“Kiese Laymon is a star in the American literary firmament, with a voice that is courageous, honest, loving, and singularly beautiful.”
—Martha Anne Toll, NPR
Kiese Laymon is a Black southern writer from Jackson, Mississippi. In his observant, often hilarious work, Laymon does battle with the personal and the political: race and family, body and shame, poverty and place. His savage humor and clear-eyed perceptiveness have earned him comparisons to Ta-Nehisi Coates, Alice Walker, and Mark Twain. He is the author of the award-winning memoir Heavy, the groundbreaking essay collection How to Slowly Kill Yourself and Others in America, and the genre-defying novel Long Division.
Laymon’s bestselling memoir, Heavy: An American Memoir, won the 2019 Andrew Carnegie Medal for Excellence in Nonfiction, the 2018 Christopher Isherwood Prize for Autobiographical Prose, the Austen Riggs Erikson Prize for Excellence in Mental Health Media, and was named one of the 50 Best Memoirs of the Past 50 Years by The New York Times. In this fearless, provocative book, Laymon unpacks what a lifetime of secrets and lies does to a Black body, a Black family, and a nation hunkered on the edge of moral collapse. In a starred review, Kirkus wrote, “Laymon skillfully couches his provocative subject matter in language that is pyrotechnic and unmistakably his own…. A dynamic memoir that is unsettling in all the best ways.” Heavy was named a best book of 2018 by the New York Times, Publishers Weekly, NPR, Broadly, Buzzfeed, The Washington Post, Entertainment Weekly. The audiobook, read by the author, was named the Audible 2018 Audiobook of the Year.
“Kiese Laymon is one of the most dazzling, inventive, affecting essayists working today.”
When Laymon was a contributing editor at Gawker, he wrote an essay called “How to Slowly Kill Yourself and Others in America.” This harrowing piece, which describes four incidents in which Laymon was threatened with a gun, evolved into a collection of lacerating essays on race, violence, celebrity, family, and creativity. How to Slowly Kill Yourself and Others in America “rarely smiles” and “never relents,” writes Oscar Quine in The Independent: “What this book really does brilliantly is elucidate the depreciated nature of a life lived as a Black American.” In 2020, Laymon released a revised and expanded edition which The New York Times raved “made a once solid collection superb…. Laymon [is] in full bloom as an artist and introspector.”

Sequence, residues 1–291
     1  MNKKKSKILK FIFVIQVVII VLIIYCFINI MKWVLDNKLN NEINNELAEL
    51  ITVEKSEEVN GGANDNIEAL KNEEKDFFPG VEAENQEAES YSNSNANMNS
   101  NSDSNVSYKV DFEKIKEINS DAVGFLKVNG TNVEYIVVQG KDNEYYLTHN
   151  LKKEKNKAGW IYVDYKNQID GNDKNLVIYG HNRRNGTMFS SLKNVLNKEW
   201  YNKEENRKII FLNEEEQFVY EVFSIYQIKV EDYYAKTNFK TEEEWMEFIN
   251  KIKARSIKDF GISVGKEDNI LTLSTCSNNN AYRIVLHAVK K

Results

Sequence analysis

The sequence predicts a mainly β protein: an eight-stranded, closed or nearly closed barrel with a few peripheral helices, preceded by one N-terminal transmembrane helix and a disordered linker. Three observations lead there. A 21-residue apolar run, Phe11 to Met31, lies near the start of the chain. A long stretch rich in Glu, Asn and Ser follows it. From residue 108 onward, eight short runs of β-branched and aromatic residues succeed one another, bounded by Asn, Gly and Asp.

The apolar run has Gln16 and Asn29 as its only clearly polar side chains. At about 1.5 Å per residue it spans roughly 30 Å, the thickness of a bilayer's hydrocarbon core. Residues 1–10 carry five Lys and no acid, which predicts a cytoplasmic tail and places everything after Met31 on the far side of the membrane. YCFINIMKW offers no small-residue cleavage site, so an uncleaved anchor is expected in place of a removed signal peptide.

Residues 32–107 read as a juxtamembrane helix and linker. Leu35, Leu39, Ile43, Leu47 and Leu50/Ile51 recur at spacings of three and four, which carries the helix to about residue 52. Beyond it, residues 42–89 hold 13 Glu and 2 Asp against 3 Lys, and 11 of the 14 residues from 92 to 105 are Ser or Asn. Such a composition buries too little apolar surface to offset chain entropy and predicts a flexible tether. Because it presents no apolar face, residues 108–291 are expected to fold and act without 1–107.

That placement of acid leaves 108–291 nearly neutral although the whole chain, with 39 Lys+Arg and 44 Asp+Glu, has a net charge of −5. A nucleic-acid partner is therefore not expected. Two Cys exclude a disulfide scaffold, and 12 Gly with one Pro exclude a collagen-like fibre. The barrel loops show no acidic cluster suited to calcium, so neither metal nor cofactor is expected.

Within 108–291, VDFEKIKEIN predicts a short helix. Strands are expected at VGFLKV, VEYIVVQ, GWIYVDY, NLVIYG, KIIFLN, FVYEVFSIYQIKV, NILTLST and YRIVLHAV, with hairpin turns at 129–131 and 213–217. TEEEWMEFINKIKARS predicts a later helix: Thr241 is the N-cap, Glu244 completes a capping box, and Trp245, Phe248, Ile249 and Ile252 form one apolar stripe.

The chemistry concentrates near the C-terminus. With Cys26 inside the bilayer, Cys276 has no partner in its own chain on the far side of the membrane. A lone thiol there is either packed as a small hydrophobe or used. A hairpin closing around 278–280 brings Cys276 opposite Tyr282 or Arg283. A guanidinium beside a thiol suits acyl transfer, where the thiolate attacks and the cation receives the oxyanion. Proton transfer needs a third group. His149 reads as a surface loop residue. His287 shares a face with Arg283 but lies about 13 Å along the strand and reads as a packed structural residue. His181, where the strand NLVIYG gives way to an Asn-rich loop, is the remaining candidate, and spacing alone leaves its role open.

Laymon’s novel, Long Division, combines elements of science fiction, satire, and social commentary into a book that The Wall Street Journal, called “funny, astute and searching.” In Long Division, 14-year-old City, a newly minted YouTube star, is sent to stay with family in rural Melahatchie, Mississippi. What happens next transgresses the boundaries of fiction and reality, present and past, as City travels through time. Kirkus called it “hilarious, moving and occasionally dizzying,” and Booklist noted that Long Division “elegantly showcases Laymon’s command of voice and storytelling skill in a tale that is at once dreamlike and concrete, personal and political.” The novel was honored with the William Saroyan International Prize for Writing in 2014, and was shortlisted for a number of other awards, including The Believer Book Award, the Morning News Tournament of Books, and the Ernest J. Gaines Fiction Award.
Laymon is a contributing editor for Vanity Fair. His work has also appeared in The New York Times, Esquire, ESPN The Magazine, NPR, Colorlines, The Los Angeles Times, The Guardian, Ebony, Guernica, The Oxford American, Lit Hub, and many others in addition to Gawker. A member of Black Artists for Freedom, he was named to the Ebony Magazine Power 100 in 2015, and selected as a member of the Root 100 in 2013 and 2014. He is a graduate of Oberlin College and holds an MFA in creative writing from Indiana University. He founded the Catherine Coleman Initiative for the Arts and Social Justice, a program aimed at getting Mississippi kids and their parents, more comfortable reading, writing, revising and sharing. He is at work on several new projects including the long poem, Good God; the horror novel, And So On; the children’s book, City Summer, Country Summer; and the personal narrative about family and Mississippi, I Don’t Know What You Mean.here.